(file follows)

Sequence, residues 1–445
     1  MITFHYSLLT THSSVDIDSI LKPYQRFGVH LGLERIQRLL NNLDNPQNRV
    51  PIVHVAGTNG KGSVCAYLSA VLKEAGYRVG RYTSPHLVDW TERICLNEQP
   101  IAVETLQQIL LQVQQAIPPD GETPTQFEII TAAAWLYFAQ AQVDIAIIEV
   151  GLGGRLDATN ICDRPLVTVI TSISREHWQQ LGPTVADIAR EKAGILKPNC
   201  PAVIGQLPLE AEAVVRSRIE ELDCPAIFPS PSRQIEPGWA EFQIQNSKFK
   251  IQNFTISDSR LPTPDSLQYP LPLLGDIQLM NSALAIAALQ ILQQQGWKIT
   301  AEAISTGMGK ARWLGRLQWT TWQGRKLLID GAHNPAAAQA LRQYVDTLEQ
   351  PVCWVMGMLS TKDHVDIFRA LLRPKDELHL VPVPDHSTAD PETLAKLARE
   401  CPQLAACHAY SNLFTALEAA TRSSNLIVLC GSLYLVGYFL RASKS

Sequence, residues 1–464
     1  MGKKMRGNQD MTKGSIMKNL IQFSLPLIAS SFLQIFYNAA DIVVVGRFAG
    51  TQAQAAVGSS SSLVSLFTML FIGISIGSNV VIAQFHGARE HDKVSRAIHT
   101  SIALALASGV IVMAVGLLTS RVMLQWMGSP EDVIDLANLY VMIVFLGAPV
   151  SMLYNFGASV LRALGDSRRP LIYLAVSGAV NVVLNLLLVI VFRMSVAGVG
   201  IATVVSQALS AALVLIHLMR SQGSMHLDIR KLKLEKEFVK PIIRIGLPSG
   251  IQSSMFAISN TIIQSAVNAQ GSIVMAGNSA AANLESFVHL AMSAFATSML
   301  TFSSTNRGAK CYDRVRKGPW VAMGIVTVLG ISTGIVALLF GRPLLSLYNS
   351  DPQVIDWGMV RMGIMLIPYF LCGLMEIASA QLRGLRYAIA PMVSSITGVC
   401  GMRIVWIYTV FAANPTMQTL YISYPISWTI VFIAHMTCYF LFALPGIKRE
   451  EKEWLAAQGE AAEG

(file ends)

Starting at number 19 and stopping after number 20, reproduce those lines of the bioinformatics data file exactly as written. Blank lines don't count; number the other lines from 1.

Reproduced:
   351  DPQVIDWGMV RMGIMLIPYF LCGLMEIASA QLRGLRYAIA PMVSSITGVC
   401  GMRIVWIYTV FAANPTMQTL YISYPISWTI VFIAHMTCYF LFALPGIKRE